lasting restoration. However, for many, dental implants are not even an option due to poor bone density and quality of their bone.  What if dental implants were possible for these patients? Well, new research says that is possible.

Bone Break = Stronger Bone?

A recent article in the Journal of Oral Implantology suggests that the introduction of micro cracks in the jaw bones can stimulate bone growth. This would be especially helpful in patients with compromised bone density and bone quality. In theory, micro cracks can be developed in these patients and then following healing they would be able to receive their dental implants allowing for full restoration when otherwise they would not be able to.

Currently, the only way to improve bone density in patients lacking it would be the use of a dental bone graft and/or a sinus lift. These procedures require extra steps as well as extra cost. They also come with potential pitfalls such as the bone graft not taking on the first attempt.

What Did The Research Show?

The researchers used an instrument called an Osteotensor. This instrument was designed specifically for this Dental Implants Marielaina Perrone DDSdental implants study. This instrument is able to make a series of micro cracks in the jawbone in the area of the desired dental implant placement. Researchers found that, following placement of these micro cracks, there was biological response. Proteins, stem cells, and other growth factors began work to heal and regenerate the bone. The healing process is completed in about 45-90 days. At this time, the patient would be ready for dental implant placement.

The research followed the progress of a 74 year old woman who was treated with this technique. 45 days after the initial formation of micro cracks, the osteotensor instrument was unable to penetrate the bone at 23 of 42 impact sites. After 90 days, none of the sites were able to be penetrated. Softer type IV bone had been transformed into harder type II bone and it was then deemed safe to proceed with the dental implants surgery.

Dental Implant Success Is The Goal

Dental implants are currently successful over 95% of the time but for many patients their bone density and quality do not allow them to even have the option offered to them. With this new research it opens doors to allow for even more dental implant successes in the future, as well as opening the procedure up to entire new populations.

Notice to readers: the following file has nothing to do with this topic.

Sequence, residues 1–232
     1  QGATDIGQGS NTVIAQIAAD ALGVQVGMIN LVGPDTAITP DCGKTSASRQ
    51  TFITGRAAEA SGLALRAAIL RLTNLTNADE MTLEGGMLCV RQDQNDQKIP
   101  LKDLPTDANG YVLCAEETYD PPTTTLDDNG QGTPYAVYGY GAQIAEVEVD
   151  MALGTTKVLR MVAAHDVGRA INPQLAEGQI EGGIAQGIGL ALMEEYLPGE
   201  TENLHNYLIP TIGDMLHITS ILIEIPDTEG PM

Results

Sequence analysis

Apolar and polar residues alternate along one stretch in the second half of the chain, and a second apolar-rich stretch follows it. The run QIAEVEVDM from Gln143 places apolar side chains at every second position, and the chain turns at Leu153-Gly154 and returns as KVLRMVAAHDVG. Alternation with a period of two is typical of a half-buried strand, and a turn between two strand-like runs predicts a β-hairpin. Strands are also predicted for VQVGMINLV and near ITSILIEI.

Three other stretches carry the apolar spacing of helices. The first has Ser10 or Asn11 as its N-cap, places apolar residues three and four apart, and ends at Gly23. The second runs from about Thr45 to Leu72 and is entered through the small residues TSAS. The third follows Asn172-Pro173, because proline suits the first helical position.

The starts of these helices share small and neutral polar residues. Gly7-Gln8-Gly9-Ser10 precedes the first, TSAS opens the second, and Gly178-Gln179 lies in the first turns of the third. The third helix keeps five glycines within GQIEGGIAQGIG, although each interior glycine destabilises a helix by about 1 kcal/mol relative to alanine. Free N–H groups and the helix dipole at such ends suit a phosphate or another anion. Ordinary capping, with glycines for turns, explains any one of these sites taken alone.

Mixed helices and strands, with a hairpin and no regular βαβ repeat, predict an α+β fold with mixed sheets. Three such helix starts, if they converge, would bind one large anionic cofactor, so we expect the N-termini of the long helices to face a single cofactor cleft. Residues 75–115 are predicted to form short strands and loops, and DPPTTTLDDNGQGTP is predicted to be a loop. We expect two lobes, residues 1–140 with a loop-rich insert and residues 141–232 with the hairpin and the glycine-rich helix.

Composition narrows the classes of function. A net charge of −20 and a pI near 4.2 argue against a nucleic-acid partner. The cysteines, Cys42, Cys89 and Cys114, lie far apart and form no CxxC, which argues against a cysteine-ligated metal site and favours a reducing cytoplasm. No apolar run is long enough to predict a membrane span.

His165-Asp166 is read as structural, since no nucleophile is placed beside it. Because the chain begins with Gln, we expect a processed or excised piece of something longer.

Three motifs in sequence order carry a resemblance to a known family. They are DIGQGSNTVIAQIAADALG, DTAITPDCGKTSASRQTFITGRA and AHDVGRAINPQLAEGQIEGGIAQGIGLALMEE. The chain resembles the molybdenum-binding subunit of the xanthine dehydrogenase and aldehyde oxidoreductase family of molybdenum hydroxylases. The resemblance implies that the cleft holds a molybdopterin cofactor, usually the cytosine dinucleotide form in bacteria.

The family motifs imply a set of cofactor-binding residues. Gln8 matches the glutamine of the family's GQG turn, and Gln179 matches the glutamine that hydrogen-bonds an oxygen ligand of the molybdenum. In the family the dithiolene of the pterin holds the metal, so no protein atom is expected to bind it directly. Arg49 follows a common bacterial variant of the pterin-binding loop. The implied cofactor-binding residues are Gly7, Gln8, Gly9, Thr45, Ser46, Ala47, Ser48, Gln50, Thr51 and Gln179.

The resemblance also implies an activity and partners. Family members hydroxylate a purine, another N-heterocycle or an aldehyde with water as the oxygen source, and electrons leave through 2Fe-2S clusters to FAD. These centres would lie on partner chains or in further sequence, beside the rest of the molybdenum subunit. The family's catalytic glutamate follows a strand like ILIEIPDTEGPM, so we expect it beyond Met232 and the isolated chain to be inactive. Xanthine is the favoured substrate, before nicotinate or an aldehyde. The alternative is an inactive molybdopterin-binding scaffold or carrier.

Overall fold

Osteoporosis…What Is It?

Osteoporosis is a disease of bones that leads to a decreased density of bone and subsequent increase in risk of fracture. In osteoporosis, the bone mineral density (BMD) is reduced, bone micro architecture deteriorates, and the amount and variety of proteins in bone are altered.

Osteoporosis is a bone weakening disease that has affected millions of people worldwide. The National Osteoporosis Foundation estimates that osteoporosis is a health threat for about 44 million people in the United States alone. The disease is far more prevalent in women than men. According to The National Osteoporosis Foundation, women are four times more likely than men to develop osteoporosis.

Because of these numbers, it is important for women to maintain a healthy lifestyle and diet even in their youth. Exercise and a proper diet for young women can help build strong bone mass for the future to avoid issues (like osteoporosis) later in life. There are recent studies showing that women who drink wine in moderation tend to have higher bone density than those who abstain from alcohol.

Medications Used for Osteoporosis and their Dental Link

Certain osteoporosis medications (also called bisphosphonates) have possibly been linked to osteonecrosis

Osteoporosis - Marielaina Perrone DDS

Normal Bone Vs. Osteoporosis Bone